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Microbial Ecology

, Volume 74, Issue 4, pp 821–831 | Cite as

Inhibitory Effect of Taurine on Biofilm Formation During Alkane Degradation in Acinetobacter oleivorans DR1

  • Hyo Jung Eom
  • Woojun ParkEmail author
Environmental Microbiology

Abstract

Taurine, 2-aminoethanesulfonate, is known to function as an antioxidant or membrane stabilizer in eukaryotic cells, but its role in bacteria has been poorly characterized. Biofilm formation of Acinetobacter oleivorans DR1 was significantly reduced by taurine only during alkane degradation, suggesting that taurine affects alkane-induced cell surface. Structurally similar compounds harboring an amine group such as hypotaurine or ethylenediamine have a similar effect, which was not observed with sulfonate-containing chemicals such as ethanesulfonic acid, hexanesulfonic acid. Our biochemical assays and physiological tests demonstrate that taurine reduced cell surface hydrophobicity, which resulted in interruption of the interactions between cells and oily substrate surfaces, such that cells utilized alkanes less effectively. Interestingly, taurine-mediated reduction of quorum sensing (QS) signal production and QS-control sapA gene expression indicated that membrane permeability of quorum signals was also interfered by taurine. Composition and biomass of extracellular polymeric saccharides were changed in taurine-amended conditions. Taken together, our data provide evidence that amine-containing taurine can inhibit biofilm formation of DR1 cells during alkane degradation by (i) changing cell surface charge and (ii) reducing membrane hydrophobicity and QS sensing.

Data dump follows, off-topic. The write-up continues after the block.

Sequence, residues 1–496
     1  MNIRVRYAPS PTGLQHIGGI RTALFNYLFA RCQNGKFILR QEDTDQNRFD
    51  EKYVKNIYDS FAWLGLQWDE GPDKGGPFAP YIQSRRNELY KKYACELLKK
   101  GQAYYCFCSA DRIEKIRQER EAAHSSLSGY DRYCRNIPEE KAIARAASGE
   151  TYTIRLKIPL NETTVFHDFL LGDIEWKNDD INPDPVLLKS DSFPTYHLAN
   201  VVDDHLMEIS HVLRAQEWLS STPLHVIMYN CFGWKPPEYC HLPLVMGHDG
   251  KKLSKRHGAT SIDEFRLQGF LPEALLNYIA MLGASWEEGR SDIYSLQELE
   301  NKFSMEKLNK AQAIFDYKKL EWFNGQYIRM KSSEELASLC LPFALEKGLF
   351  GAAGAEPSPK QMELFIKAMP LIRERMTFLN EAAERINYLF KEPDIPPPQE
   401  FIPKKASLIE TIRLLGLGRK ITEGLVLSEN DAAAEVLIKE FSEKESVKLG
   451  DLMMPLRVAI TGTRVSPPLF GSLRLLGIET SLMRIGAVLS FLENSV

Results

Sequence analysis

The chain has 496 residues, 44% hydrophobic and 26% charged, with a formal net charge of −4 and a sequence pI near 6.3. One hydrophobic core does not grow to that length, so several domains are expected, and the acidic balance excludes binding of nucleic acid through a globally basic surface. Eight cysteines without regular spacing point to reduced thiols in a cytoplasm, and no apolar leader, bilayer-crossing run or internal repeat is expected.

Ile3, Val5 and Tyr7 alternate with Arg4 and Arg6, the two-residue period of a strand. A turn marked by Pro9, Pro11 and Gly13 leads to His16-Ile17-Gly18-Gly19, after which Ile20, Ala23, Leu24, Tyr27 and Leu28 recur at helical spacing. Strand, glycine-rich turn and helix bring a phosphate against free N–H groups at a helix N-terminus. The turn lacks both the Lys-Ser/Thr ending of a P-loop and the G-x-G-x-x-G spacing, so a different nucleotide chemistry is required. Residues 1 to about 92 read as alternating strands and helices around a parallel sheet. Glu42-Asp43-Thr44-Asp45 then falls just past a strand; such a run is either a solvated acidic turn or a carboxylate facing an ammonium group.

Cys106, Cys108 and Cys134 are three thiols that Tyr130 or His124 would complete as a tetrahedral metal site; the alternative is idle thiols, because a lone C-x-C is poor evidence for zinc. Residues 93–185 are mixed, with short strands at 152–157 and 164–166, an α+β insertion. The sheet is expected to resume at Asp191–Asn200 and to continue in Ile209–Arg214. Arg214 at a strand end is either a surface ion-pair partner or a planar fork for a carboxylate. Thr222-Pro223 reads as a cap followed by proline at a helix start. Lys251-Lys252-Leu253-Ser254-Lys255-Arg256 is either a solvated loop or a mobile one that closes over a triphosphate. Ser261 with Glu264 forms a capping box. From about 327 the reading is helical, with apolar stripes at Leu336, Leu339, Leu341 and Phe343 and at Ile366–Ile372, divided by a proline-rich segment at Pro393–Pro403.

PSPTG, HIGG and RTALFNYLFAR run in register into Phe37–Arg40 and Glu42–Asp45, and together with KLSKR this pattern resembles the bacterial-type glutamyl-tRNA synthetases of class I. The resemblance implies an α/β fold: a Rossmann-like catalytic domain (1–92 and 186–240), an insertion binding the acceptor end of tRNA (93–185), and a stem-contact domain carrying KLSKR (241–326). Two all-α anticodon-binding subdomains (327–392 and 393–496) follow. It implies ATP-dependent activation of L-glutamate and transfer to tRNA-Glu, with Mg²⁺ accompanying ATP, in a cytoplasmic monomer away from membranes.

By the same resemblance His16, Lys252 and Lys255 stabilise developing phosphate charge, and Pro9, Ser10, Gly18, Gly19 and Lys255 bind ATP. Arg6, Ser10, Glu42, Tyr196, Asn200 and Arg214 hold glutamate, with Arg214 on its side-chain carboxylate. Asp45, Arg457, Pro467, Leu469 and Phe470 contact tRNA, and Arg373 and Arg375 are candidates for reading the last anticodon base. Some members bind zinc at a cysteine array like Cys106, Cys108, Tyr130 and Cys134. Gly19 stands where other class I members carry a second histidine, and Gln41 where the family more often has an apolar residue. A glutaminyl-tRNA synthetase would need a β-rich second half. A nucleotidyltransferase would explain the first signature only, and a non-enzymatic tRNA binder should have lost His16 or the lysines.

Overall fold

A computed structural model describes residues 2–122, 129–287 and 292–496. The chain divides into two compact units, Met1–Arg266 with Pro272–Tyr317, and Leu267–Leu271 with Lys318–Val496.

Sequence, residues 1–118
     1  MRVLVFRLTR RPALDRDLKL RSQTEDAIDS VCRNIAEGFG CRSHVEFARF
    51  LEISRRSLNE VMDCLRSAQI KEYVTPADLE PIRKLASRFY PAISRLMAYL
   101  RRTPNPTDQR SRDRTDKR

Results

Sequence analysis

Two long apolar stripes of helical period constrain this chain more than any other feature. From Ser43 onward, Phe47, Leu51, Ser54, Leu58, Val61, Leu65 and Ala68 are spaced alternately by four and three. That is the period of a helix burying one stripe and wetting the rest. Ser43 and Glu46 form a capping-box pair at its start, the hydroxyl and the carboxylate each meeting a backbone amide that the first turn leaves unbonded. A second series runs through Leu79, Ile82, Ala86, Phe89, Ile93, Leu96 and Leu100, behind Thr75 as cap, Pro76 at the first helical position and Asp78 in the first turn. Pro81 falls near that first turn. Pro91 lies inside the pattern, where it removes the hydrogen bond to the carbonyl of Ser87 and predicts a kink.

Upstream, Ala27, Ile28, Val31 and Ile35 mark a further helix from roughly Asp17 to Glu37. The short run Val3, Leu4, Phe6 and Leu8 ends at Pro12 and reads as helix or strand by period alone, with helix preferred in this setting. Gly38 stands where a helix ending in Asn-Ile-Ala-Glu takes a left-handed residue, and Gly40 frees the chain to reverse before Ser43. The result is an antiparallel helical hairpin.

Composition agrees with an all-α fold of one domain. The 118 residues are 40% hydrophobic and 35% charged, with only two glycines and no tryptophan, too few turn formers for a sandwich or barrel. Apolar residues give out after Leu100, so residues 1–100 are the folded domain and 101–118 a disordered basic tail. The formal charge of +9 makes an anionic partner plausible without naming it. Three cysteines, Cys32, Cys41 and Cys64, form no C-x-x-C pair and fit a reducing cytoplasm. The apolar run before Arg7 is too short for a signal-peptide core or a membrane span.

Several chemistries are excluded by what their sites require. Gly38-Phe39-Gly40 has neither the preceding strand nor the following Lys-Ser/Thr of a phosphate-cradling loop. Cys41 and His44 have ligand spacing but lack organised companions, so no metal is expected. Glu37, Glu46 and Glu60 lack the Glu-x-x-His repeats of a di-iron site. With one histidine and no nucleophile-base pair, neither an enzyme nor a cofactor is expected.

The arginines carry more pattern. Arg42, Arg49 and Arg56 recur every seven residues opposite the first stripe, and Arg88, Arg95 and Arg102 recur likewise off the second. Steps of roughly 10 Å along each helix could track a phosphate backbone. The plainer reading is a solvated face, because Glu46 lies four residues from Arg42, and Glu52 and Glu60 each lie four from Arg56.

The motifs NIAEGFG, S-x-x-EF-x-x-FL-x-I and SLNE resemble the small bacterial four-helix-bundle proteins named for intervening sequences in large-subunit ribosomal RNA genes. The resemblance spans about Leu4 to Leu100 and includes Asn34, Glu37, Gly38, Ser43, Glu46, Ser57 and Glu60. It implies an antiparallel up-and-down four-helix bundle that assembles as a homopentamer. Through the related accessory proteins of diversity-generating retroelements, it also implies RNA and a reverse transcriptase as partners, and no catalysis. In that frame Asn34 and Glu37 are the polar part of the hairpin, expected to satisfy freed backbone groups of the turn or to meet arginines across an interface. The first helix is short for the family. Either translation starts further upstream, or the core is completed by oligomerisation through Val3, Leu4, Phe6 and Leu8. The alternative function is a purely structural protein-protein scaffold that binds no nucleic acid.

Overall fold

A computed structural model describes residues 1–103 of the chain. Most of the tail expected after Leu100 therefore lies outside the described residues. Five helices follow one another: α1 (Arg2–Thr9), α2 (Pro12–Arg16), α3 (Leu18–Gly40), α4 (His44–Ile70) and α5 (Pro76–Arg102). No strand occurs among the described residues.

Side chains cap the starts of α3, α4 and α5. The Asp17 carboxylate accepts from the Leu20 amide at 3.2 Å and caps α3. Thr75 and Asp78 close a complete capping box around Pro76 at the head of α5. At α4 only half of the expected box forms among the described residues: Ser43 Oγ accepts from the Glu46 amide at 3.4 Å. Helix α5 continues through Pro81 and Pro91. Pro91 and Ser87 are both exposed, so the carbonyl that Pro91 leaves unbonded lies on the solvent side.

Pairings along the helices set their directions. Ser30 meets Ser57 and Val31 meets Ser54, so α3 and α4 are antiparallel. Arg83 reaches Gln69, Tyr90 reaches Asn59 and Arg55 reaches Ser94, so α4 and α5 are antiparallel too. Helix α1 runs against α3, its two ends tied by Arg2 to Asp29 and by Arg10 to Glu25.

Keywords

Biofilm Taurine Acinetobacter oleivorans Hydrophobicity Oil-degrading bacteria 

Notes

Acknowledgements

This work was supported by a National Research Foundation of Korea (NRF) grant to WP funded by the Korea government (MSIP) (No. NRF-2017R1A2B4005838).

Author Contributions

HJE and WP designed the study. HJE performed all experiments and analysis. HJE and WP drafted the manuscript. HJE and WP provided substantial discussion and modifications. All authors contributed to and approved the final version of the manuscript.

Compliance with Ethical Standards

Conflict of Interest

The authors declare that they have no conflict of interest.

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© Springer Science+Business Media, LLC 2017

Authors and Affiliations

  1. 1.Laboratory of Molecular Environmental Microbiology, Department of Environmental Science and Ecological EngineeringKorea UniversitySeoulRepublic of Korea

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